Novelist and screenwriter Jonathan Tropper has One Last Thing to say
Jonathan Tropper, the master voice of angst-plagued men in suburban America ("How to Talk to a Widower," "The Book of Joe") has just released his sixth novel, "One Last Thing Before I Go," which was optioned for $1 million before it was even published. A divorced father who co-parents his three children who range in age from six to 13, Tropper lives in New Rochelle and will be signing copies of One Last Thing 7 p.m. Aug. 21 at the Upper West Side Barnes & Noble, 2289 Broadway.
Q Your latest book is about a guy who refuses a lifesaving heart operation and is hilarious. What is the secret to writing funny?
A For the human race in general, it's pretty hard not to be funny, whether it means to be or not. It's always better to tell a story conversationally, the way you'd talk. My goal always in writing anything is that nobody should ever be just one thing. I don't want anybody to be predictable. I want the characters' humanity to be surprising.
Q Drew Silver, the book's protagonist, lives in an apartment building filled with divorced misfits who invite women young enough to be their daughters to the swimming pool so they can ogle them in their bathing suits. Did you ever do time in such a place?
A It's not me! I live in a house! Years ago -- before I was divorced -- I was in Los Angeles on business and a friend of mine pointed out one of those buildings and said, "that's where all the divorced Hollywood executives live in between lives." I filed that away because I wanted to write about a guy who lived in a building like that, and thought a place like that would be a fantastic backdrop for a story.
Q The story gives off a Westchester vibe, but the locale isn't named. Where exactly, does this novel take place?
A I like to set my stories on the East Coast, in the Hudson Valley. But it's not anywhere specific.
Q Your protagonist, Drew Silver, is a guy who has sort of surrendered to dying by default. Guys like this drive women nuts. Why won't he grow up and take care of himself?
A Silver, in particular, is lost at sea for awhile because he's kind of given up. He's decided to let the world steer him because he's lost the ability to steer himself.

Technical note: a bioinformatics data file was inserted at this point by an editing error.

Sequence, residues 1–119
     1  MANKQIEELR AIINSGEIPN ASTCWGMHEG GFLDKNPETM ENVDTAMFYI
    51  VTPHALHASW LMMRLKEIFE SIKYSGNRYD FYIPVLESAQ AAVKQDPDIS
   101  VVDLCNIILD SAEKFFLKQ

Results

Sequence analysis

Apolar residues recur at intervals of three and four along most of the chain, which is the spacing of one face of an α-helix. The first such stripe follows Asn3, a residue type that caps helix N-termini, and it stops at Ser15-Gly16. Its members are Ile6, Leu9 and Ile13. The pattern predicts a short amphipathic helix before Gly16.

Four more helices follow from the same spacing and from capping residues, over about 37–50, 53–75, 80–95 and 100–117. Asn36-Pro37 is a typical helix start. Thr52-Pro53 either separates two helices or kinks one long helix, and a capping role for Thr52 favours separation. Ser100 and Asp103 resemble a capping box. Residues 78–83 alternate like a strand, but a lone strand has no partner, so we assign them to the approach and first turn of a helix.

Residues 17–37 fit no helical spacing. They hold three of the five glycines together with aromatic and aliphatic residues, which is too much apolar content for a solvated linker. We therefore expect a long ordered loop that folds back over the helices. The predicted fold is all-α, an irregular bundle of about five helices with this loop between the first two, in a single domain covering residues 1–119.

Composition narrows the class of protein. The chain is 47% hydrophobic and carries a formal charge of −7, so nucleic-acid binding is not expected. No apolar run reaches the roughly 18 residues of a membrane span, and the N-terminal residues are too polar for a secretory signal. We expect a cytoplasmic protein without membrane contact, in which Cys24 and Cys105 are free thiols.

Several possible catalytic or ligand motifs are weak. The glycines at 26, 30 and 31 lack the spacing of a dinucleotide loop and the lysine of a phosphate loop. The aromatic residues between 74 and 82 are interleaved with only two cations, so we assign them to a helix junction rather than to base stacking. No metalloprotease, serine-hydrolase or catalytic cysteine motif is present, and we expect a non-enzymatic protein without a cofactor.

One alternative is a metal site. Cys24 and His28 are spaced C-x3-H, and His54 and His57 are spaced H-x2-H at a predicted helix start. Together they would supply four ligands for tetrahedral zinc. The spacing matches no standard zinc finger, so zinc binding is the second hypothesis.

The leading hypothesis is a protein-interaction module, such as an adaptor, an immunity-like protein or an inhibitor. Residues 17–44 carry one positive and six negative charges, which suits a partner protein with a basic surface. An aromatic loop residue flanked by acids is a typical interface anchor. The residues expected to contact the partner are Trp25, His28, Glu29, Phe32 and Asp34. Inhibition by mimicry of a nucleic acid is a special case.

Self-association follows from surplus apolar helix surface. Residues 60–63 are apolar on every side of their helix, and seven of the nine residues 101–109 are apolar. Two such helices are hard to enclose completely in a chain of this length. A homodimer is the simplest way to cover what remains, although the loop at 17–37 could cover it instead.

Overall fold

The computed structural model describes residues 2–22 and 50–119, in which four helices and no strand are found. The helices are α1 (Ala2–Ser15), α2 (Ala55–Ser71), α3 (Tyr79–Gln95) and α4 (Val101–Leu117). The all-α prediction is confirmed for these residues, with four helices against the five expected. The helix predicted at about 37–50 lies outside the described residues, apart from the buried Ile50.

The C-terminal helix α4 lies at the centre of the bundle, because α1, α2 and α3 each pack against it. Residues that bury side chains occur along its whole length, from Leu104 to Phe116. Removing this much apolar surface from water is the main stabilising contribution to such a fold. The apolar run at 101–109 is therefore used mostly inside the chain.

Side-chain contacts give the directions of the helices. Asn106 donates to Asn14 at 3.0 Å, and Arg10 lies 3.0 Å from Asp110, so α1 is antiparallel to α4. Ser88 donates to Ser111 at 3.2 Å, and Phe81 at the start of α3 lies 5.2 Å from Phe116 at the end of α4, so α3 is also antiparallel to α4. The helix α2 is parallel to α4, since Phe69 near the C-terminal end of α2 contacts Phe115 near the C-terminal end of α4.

Q Health insurance as a factor in his decision not to have a lifesaving operation is never mentioned, even though Silver is a drummer and musicians typically have a terrible time getting medical care because they lack health insurance. How come?
A I never get into the politics of my characters. I don't want in any way for what my characters do to be mistaken as some kind of political statement. I didn't want anything that would detract from the human story. So I pretend a little that that stuff doesn't matter. I guess I imagined he somehow had some insurance.
Q Maybe you can pretend health insurance isn't a factor in medical care because you just got $1 million for the movie rights. Congratulations.
A That's a million over several years if everything goes right. It's not like they handed me check for $1 million.
Q Still -- nice. Are you thinking about what actor you’d like to play Silver, your protagonist?
A The way I picture him is not lined up with any particular movie star. I’ll do the screenplay but there’s a lot outside my control. I don’t necessarily like to step back and let the machine take over, but that’s the process.
Q Will the ambiguous ending in the book remain?
A I haven’t gotten there yet, but my guess is probably not. In all of my books, I try to end in a hopeful place. A place where there’s hope and redemption. I’m not interested in investing all that time and work in something that’s not.
Q Are writers now commencing novels in hopes the plots will appeal to Hollywood?
A Funny you should ask. My last five were all optioned by Hollywood but never got made. With (this) last one, I set out deliberately to write something I did not think would be remotely option-able. It’s darker than the other books. It has a darker, more intimate story I didn’t think Hollywood would like and it will be really challenging to adapt it. (This is Where I) Leave You is supposed to start shooting in September but that’s a point I’m loathe to talk about. I just don’t believe it until it’s happened.
Q Your character is living off the residuals of a single song he did years ago. Nick Hornby’s protagonist in About a Boy is also a guy who has his life given meaning by a kid who is living off the residuals of a hit song his father had. Did Hornby’s book influence you?
A I can’t say for sure it didn’t, because that book places in my top 10 favorite books.
Q But what a coincidence! Is living off residuals in some kind of perpetual adolescence a male fantasy?
A It’s more about how dangerous a little safety cushion can be. When you don’t have to starve, it can do bad things to your initiative. One little bit of success can actually ruin your life. Silver got a little taste of stardom and never stopped believing it wouldn’t come back. What’s wish fulfillment for me is not worrying. I’m a New York writer. There isn’t any more of a neurotic breed than that. A little bit of me wouldn’t mind not caring about all that stuff (success, taking care of oneself, making money, etc.). The idea of not worrying really appeals to me.